The cruel irony of being arrested in Putin’s Russia

Much of what we know about Mikhail Kavun was provided by his 24-year-old son, Aleksei Kavun, who contacted POLITICO in hopes of raising awareness about his medical case. According to Aleksei, several aspects of his personal history seemingly contradict the Kremlin’s depiction of him as a nationalistic Ukrainian Nazi with a hatred for native Russian speakers.

Although Mikhail Kavun identifies as culturally Ukrainian – both his mother and Jewish father were born there – he was born in Soviet Kazakhstan and lived outside Moscow throughout his childhood. He attended Moscow State University, obtained his doctorate in geological and mineralogical sciences at the Russian Academy of Sciences, and has a Russian passport.

In 1987, Mikhail Kavun married a native Russian speaker from the western Vladimir Oblast – Aleksei’s mother – and his wife, daughter and granddaughter now share an apartment in Moscow. For most of the past 14 years, Mikhail Kavun has worked throughout Russia as a senior geologist at Schlumberger, the world’s largest oilfield services company. In two letters dated April 18, Schlumberger confirmed Mikhail Kavun’s employment, and his supervisor praised his work at the company.

In 2020, while working a brief stint in Kyiv for gas production company UNB, Mikhail Kavun was approved for temporary Ukrainian residency. UNB issued a letter, dated April 29 and signed by his supervisor, confirming Mikhail Kavun’s employment and attesting to his professional performance. According to his attorney, Mikhail Kavun also gave money to a friend in Ukraine on several occasions from 2017 to 2019 to use as donations for two reasons: St. Paraskeva Medical Center in Lviv and a children-focused charity group called Roads of Goodness.

According to his attorney and son, Russia’s scrutiny of Mikhail Kavun ratcheted up in the early 2010s, when he started visiting Ukraine more regularly in the summertime on cross-country motorcycle trips. Mikhail Kavun – a fan of the FX show “Sons of Anarchy” – continued his travels on his Honda Gold Wing even after Russia annexed Crimea in 2014, all while publicly voicing opposition to Moscow’s move and showing support for Kremlin critics such as Alexei Navalny.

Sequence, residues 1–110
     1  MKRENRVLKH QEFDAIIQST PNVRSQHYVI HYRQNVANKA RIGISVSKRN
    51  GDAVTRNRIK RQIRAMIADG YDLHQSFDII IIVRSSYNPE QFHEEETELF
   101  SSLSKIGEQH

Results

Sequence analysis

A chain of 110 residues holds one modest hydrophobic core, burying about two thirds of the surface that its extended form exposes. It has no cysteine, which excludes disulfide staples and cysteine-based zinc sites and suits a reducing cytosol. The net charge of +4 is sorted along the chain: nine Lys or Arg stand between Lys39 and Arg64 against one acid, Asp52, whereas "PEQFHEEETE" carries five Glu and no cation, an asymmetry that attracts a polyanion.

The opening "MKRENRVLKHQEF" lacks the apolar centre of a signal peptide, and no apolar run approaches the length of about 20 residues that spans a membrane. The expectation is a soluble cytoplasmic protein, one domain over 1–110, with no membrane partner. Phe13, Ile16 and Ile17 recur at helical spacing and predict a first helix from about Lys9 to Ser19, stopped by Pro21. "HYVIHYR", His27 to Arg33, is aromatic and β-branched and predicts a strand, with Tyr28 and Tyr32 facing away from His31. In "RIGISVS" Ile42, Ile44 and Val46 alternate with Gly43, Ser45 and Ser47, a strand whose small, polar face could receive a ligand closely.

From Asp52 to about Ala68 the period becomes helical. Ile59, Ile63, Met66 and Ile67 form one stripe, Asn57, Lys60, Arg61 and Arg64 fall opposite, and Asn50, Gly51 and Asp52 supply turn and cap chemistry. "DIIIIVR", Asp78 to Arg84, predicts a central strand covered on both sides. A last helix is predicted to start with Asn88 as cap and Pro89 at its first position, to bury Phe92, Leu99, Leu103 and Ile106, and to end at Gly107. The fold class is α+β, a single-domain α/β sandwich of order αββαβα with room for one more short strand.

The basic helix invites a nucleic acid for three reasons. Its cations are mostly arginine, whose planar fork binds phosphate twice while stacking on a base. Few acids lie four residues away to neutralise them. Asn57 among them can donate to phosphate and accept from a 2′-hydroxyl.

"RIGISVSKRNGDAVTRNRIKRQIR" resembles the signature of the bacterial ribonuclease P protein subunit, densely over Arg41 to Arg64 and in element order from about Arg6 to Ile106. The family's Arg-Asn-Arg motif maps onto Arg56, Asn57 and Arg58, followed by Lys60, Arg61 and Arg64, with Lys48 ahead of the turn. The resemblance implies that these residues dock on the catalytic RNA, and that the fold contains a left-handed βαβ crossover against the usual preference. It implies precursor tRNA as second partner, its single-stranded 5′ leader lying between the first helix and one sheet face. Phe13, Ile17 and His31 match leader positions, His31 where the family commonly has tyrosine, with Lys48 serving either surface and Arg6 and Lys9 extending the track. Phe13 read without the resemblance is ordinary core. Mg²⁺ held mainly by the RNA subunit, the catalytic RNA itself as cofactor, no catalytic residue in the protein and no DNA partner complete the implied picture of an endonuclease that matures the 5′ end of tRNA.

On one particularly memorable motorcycle trip, Mikhail Kavun was stopped at a Russia-Ukraine border checkpoint and asked a series of confusing questions by Russian officers, according to his son. It was then that he began suspecting he was being trailed by the Kremlin’s intelligence services.

Around that same time, unidentified men visited the motorcycle service center in Astrakhan that Mikhail Kavun frequented, asking the employees there whether they knew or had seen him, his son said. These men, who Mikhail Kavun believed to be Russian intelligence officers, also took several photos of his motorcycle on the streets of Astrakhan.

Before Mikhail Kavun’s arrest in April, Russian authorities arrested him three times in March and leveled three civil charges against him: two accusations of disobeying police officers in Moscow and one accusation of using obscene language in Zelenograd. Zakhvatov, Kavun’s attorney, denied all of the charges and said the successive arrests – which represent a common type of political repression in Russia – were likely made in preparation for the current criminal case against Mikhail Kavun.

Zakhvatov and Aleksei also deny Russia’s latest charges that Mikhail Kavun offered any sort of financial support to Right Sector – a ludicrous accusation, they argue, considering his Jewish heritage and the nationalist group’s ideology. Furthermore, they maintain that Mikhail Kavun was never a member of or had any contact with anyone from the organization. That includes Igor Nikolaevich Pirozhok, an alleged Ukrainian nationalist and neo-Nazi who Russia accused Mikhail Kavun of giving money to. “The problem is that Russian law enforcement is always in a political case[s] are working hand-in-hand with propaganda media, ”Zakhvatov said.

According to Zakhvatov, another step in Mikhail Kavun’s case is scheduled to take place in mid-June, when the state’s investigator will argue that the court extended his detention. But Zakhvatov has filed a complaint to transfer him from detention to house arrest, which the court is set to hear on May 16. “We always hope that maybe some conscience will appear to all these people,” Zakhvatov said of the hearing next week before Russian authorities.

Mikhail Kavun, who now faces up to eight years in prison, expressed regret to his family “that I exposed myself so naively, and that I exposed you to danger as well,” according to a letter dated April 24 that he wrote from detention. In that same message, he also shared a bleak but defiant prediction about his fate: “There are long years of jail ahead, and there is probably no way back to the normal life. … I’m not getting used to that thought yet. … Overall, I don’t regret anything. ”

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